So, which is it: pants or shoes? Perhaps both Twain and Churchill were thinking of a truth that needs to dress itself up, maybe in order to appear more believable? Sometimes, quite literally, the truth is not quite as believable as a lie. The whole story about George Washington chopping down a cherry tree, then lying about it, then coming clean in a moment of soul-searching, forgiveness-seeking, noble glory, is totes fiction. This story was manufactured by a reporter at the time whose intention was to help create a mythos around political figures in an effort to create heroes for a young country to emulate and idolize.
“I lie to myself all the time. But I never believe me.” S. E. Hinton, The Outsiders
But how can we use lying to destroy our relationships, you might be wondering? Well, your relationships might not be on the firmest footing anyway. This concept of a lie being more believable than the truth needs to be explored further. Try this experiment with your significant other person. Tell them some wonderful news that you just got a raise or a new job or even that you just won some award. Do they seem excited and enthusiastic, or suspicious and skeptical?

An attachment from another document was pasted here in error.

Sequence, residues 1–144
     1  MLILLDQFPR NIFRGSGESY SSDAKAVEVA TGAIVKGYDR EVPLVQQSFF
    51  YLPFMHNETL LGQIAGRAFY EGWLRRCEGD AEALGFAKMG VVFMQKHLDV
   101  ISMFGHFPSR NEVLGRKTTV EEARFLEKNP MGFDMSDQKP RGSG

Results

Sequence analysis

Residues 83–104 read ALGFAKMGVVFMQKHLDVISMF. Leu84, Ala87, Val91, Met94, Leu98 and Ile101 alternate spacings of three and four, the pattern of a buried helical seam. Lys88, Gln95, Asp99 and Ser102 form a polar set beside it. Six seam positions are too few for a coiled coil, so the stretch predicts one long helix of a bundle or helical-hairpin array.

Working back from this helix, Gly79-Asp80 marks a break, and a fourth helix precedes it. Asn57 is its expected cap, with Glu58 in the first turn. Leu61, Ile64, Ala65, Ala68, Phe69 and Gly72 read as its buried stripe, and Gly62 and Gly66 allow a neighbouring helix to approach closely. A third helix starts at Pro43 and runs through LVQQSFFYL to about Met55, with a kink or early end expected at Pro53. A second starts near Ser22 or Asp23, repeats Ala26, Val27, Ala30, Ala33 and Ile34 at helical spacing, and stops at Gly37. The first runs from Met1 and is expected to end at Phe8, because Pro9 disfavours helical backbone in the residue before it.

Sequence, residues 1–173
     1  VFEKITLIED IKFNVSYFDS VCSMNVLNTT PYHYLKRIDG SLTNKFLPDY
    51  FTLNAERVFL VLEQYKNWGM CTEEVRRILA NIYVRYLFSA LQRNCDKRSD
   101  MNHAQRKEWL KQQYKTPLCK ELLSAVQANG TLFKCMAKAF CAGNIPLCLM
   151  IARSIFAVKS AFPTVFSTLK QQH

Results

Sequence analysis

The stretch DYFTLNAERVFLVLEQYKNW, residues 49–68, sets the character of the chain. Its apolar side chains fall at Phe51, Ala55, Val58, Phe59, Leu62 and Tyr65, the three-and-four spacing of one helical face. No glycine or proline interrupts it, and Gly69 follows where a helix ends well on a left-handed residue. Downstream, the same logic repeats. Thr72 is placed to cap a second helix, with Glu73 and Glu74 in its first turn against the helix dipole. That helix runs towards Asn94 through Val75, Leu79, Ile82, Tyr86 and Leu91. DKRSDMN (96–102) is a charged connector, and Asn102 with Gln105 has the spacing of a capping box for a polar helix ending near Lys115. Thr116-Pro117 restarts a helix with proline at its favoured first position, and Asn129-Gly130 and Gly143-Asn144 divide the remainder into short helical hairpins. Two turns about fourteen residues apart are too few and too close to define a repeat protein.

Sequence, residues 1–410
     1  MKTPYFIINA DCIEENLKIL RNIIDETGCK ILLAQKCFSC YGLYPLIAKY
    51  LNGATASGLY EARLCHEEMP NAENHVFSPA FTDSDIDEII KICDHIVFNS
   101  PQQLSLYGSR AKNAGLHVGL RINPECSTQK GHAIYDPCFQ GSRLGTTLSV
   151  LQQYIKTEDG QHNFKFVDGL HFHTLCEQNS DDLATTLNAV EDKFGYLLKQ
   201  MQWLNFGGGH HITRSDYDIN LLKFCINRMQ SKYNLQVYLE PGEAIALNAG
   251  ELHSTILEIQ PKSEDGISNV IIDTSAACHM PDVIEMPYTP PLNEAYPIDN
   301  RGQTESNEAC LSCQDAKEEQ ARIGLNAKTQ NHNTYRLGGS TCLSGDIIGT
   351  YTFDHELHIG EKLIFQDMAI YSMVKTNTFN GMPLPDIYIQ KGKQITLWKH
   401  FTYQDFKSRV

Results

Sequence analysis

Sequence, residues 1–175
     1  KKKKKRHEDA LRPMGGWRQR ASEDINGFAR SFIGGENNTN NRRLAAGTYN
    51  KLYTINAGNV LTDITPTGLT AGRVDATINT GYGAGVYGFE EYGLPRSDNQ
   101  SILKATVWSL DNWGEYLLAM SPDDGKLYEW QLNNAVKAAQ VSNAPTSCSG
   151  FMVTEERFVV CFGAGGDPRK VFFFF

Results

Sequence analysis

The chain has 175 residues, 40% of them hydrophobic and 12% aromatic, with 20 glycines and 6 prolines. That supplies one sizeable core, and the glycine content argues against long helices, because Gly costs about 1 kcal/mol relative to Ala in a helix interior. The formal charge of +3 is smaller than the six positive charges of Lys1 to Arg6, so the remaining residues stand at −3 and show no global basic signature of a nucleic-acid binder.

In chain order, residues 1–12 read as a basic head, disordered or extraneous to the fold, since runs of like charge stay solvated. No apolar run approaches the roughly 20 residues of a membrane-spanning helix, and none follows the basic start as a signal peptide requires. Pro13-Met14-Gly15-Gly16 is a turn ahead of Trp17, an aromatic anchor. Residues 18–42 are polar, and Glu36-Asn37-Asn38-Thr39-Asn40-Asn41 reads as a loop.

Then, tell them some outrageous lie about some horrible thing you have done. Which did they find the more believable? If they elect to believe the truth about your good news then there is hope for you crazy cats. If, however, they opt to swallow the line about something horrible that you have done, then your relationship is going south faster than a spicy burrito…
One of my favorite authors, Stephen King, says that “Fiction is the truth inside the lie.” Albert Camus affirms this when he says that “Fiction is the lie through which we tell the truth.” No story or movie or book would ever be successful without a simple step of mental agility. This particular maneuver has quite the clever name as well, Willing Suspension of Disbelief.
To enjoy the show at the cinema, to voraciously consume page after delicious page of a great novel, we must be willing to entertain, if but for a moment, that incredible fact that what we are being shown or told, is in fact happening, or in some circumstances, could happen.
I know what you’re saying, “Lying sounds great, but I’m just not good at it!” Never fear, I’m here to help.